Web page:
Northern Gulf of Mexico (NGOM) Ecosystem Change and Hazard Susceptibility

Home | Task 2: Holocene Evolution Northern Gulf Coast Climate, Geomorphology, and Sea Level

Task 2: Holocene Evolution Northern Gulf Coast Climate, Geomorphology, and Sea Level

Task Leader: David Twichell - USGS Woods Hole Science Center for Coastal and Marine Geology, Woods Hole, Massachusetts

Task 2 Goals

Map showing the general locations of the Eastern Louisiana, Mississippi-Alabama, and Central Mississippi River Delta Plain study areas.
General locations of the Eastern Louisiana, Mississippi-Alabama, and Central Mississippi River Delta Plain study areas described in subtasks 2.1, 2.2, and 2.3 respectively
[Enlargement]

This task will implement a comprehensive geophysical survey and will collect geologic cores of the inner shelf and sounds from eastern Louisiana to western Florida. Together, these data will define the offshore geology within this region, and determine the climatological, geological, and physical processes that control the present geomorphic features and variations. 

Moreover, this task will provide a regional synthesis of the late Holocene geomorphic evolution of the submarine landscape of this coastal region.  By implication, this Task will determine the relative roles of broad spatial scale physical processes, including climate variability, sea-level rise, subsidence, and sediment supply, as drivers of recent seafloor modification across this region.  

The initial focus of this Task will be on surveying the eastern Louisiana inner continental shelf (Subtask 2.1), and reviewing, compiling, and synthesizing existing information from the Mississippi and Alabama shelf region (Subtask 2.2).  This initial synthesis will be used to identify gaps in knowledge and select locations and time-intervals for additional study.

Information on sediment distribution and geometry will be developed from seismic surveys on the continental shelf. Sediment coring will be done to “ground truth” and date the features identified in the seismic surveys.  Information on late Holocene climate and climate variability of the northern Gulf of Mexico region will be developed through analyses of faunal assemblages from core samples collected from the inner shelf, estuaries, and coastal ponds.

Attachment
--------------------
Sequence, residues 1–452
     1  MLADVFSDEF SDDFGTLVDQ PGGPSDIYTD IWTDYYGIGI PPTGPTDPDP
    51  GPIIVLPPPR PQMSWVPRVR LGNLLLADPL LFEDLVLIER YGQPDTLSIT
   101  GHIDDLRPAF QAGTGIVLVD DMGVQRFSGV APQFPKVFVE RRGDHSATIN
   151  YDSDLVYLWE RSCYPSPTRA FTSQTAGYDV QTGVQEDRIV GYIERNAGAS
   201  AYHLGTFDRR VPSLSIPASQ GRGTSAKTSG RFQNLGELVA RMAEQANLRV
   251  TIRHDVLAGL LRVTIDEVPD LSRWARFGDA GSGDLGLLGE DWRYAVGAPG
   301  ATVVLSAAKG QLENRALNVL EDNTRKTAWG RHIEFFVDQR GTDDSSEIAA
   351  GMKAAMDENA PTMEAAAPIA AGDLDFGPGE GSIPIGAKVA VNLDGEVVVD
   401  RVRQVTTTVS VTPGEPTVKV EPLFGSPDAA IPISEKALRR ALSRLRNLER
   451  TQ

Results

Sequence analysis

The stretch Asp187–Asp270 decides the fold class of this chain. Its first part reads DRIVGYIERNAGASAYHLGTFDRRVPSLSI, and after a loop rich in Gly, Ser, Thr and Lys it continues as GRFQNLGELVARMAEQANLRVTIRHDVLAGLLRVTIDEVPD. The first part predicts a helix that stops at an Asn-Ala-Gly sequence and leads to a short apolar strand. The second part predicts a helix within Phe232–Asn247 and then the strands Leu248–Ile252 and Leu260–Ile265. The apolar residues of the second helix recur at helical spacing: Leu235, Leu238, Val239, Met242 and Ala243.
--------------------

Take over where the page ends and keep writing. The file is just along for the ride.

Existing records and companion studies from areas adjacent to the NGOM coast will be used to place local records into regional and hemispheric context.  As the study progresses, onshore-offshore sampling transects will be established to fill in gaps, and to develop detailed information for selected regions and time periods.  Sediment coring to determine the distribution of storm deposits in time and space will be carried out in coordination with climate history work to determine any link between climate state and the variability, frequency, and magnitude of storms. 

The final stages of this effort will involve developing broad-scale landscape reconstructions for the northern Gulf Coast that depict distribution of major environments at selected time intervals. 

Analyses of planktic and benthic foraminifer assemblages will be used to develop information on climate and environmental conditions from marine sediments.  Light stable isotope and Mg/Ca measurements of foraminifer test will also be used to estimate past conditions in more open marine environments. Accelerator mass spectrometric (AMS) carbon dating of carbonate fossils and wood fragments will provide time control.  Much of the climate and environmental information will be obtained by evaluating existing records including analyses of pollen in continental sediments and isotope data from cave deposits.

Review and evaluation of the existing studies of the distribution of storm deposits in time and space and coring to obtain new records of storm deposits in the NGOM region will be carried out and compared with climate variability information in order to investigate the link between climate and the frequency and magnitude of major storms.  Time-series analyses of existing highly resolved climate records for the last few thousand years will be conducted to assess the existence and stability of climate oscillations that have potential for impacting climate and climate variability in the NGOM.

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1: Scientific Leadership 
  Information Management
2: Holocene Evolution
  Eastern Louisiana Region
  Mississippi-Alabama Region
  Climate Variability
  Mississippi River Delta Plain 
3: Recent Evolution
  Climate Variability
  Landcover Change
  Barrier Islands
  Mississippi River Delta Plain
  Landscape Change
4: 21st Century
  Landscape Structure
  Lidar/Geomorphology
  Hazard Forecast
  Hazard Vulnerability
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Page Last Modified: Friday, May 14, 2010 @ 12:24 PM  (RJT)